Friday, May 17, 2013

Moon Curser vineyards, Okanagan Valley, BC, Canada

A few weeks ago I had the sincere pleasure of being invited to the first annual Renaissance Wine Merchants portfolio tasting in Gastown; a neighborhood of distinction and heritage in Vancouver, BC. (

Now I've always been a fan of the Renaissance line-up; cutting edge Cab-Sauv blends from California, clean Pinot Noir from New Zealand and excellent expressions from the BC wines they carry... but my friend and colleague who invited me asked me to try something "A little different"

Oh! I'm intrigued... what would be different at one of these affairs?

He pours me an ounce or two of a deep, dark, seductive wine and waits for me to wander off in my own thoughts (which invariably happens when I judge wines). "Holy Shit!" says I - "that's f***in amazing."

"What is that?" I stammer.

"A Tannat-Syrah blend" says he.

Ok - I have to admit. That is different!

"From BC" he continues.


My friend helps me lift my jaw off the floor.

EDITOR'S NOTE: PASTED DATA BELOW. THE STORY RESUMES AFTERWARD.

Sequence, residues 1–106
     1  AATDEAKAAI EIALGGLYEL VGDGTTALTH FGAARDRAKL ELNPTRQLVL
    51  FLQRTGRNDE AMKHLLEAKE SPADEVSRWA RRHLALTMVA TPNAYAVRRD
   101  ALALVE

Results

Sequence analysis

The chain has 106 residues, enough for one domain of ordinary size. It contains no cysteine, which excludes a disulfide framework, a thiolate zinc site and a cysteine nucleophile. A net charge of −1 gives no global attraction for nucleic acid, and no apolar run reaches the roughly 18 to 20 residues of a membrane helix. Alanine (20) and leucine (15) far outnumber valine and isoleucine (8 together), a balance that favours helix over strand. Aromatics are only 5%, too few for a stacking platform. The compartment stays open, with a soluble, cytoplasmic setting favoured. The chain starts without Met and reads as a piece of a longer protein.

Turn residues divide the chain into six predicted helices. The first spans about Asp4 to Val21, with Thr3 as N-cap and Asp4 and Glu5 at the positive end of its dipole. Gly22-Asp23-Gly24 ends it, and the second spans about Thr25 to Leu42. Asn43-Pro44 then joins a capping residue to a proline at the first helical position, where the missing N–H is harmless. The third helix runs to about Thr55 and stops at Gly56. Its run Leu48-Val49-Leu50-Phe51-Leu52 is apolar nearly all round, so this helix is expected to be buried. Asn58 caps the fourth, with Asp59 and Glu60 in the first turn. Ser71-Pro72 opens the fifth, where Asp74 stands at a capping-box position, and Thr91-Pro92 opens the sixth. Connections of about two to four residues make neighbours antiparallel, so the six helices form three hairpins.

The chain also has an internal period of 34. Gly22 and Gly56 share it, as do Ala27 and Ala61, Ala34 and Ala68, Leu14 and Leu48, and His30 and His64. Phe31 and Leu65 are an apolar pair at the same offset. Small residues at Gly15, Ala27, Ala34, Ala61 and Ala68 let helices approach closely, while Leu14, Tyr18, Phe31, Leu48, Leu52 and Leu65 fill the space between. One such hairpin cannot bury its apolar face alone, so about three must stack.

"You're shitting me." I demand.

He pours me another ounce of the Ambrosia and I lean in to listen to the story; the story of a guy in the I.T. field and his wife from accounting who decide to make wine.... sorry? Where's the punchline?

Oh no - this is the honest story says he! They loved wine, were looking at what to do with the rest of their lives, and decided to make wine. But! But they didn't want to make wine like everyone else. 

Well... if this is any example then they are most certainly not like everyone else. Actually, come to think of it - I did try one of their other wines a year or two ago and was so impressed that I simply had to write about it. ( Riiight@! I remember now. But this wine is really something else! So I, as any self-respecting wine journalist, Twitter the winery that night and told them that I would love to write an article on their current work.

They sent me the following wines and I was, truly, impressed. Not everything in the line-up was to my particular taste and it may not be to yours, but these wines are crafted with precision and speak articulately of their terroir.

2012 Afraid of the Dark
91+ points
Roussanne, Viognier, Marsanne
  • visual:    clear; pale straw core with watery rim